The Fallout From Ukraine

Russia and Ukraine represent only a tiny portion of U.S. trade directly, but the impact of the invasion (and sanctions) is being felt by consumers here.

A lock protects a $100 bill
(Image credit: Getty Images)

You don’t need us to tell you that Russia’s invasion of Ukraine—and Western sanctions on Russia—are playing havoc with your finances. You’re reminded of the pain afflicting your pocketbook every time you fill your gas tank. But the impact doesn’t end there. Americans are spending more at the supermarket, mortgage rates are higher, and investors have experienced big losses in their portfolios

Sanctions on Russia will exacerbate already high inflation, which reached 7.9% in February. Russia’s main contributions to the world economy are commodities—oil, gas, wheat, nickel, aluminum, palladium. To the extent that sanctions cut off those exports, prices will climb still higher. For the global economy, this is the biggest hit since the onset of COVID-19. How bad will it get?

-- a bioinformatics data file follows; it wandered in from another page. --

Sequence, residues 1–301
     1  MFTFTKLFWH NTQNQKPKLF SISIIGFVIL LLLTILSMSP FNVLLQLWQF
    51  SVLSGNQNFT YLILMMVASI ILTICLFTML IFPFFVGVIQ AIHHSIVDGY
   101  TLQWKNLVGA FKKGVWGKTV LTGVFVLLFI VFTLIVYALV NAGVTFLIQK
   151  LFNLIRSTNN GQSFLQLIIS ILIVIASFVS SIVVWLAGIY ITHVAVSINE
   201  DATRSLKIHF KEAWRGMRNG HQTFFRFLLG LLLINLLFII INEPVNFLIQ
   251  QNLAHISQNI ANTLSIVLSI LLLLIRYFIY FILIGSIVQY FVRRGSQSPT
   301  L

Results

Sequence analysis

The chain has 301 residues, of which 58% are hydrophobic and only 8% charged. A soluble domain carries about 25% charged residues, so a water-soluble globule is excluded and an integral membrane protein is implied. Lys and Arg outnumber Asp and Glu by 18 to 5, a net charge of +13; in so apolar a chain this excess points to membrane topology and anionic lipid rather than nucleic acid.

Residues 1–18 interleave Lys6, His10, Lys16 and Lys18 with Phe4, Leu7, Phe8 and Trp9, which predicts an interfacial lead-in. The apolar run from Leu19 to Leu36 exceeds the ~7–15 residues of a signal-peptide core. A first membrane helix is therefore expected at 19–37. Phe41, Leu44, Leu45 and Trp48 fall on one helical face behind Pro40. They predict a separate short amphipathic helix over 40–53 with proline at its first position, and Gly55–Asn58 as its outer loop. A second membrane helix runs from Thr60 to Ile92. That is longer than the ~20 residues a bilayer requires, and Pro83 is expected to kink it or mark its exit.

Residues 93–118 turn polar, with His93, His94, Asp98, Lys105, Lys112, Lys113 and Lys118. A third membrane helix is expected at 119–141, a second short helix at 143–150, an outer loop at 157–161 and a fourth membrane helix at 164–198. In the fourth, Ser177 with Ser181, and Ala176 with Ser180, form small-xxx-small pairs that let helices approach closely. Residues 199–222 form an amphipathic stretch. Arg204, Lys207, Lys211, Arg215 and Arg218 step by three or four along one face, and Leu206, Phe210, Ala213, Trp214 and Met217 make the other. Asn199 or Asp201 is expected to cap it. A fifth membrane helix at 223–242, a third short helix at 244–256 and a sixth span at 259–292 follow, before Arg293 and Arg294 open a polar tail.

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Mark Solheim
Editor, Kiplinger's Personal Finance

Mark became editor of Kiplinger's Personal Finance magazine in July 2017. Prior to becoming editor, he was the Money and Living sections editor and, before that, the automotive writer. He has also been editor of as well as the magazine's managing editor, assistant managing editor and chief copy editor. Mark has also served as president of the Washington Automotive Press Association. In 1990 he was nominated for a National Magazine Award. Mark earned a B.A. from University of Virginia and an M.A. in Writing from Johns Hopkins University. Mark lives in Washington, D.C., with his wife, and they spend as much time as possible in their Glen Arbor, Mich., vacation home.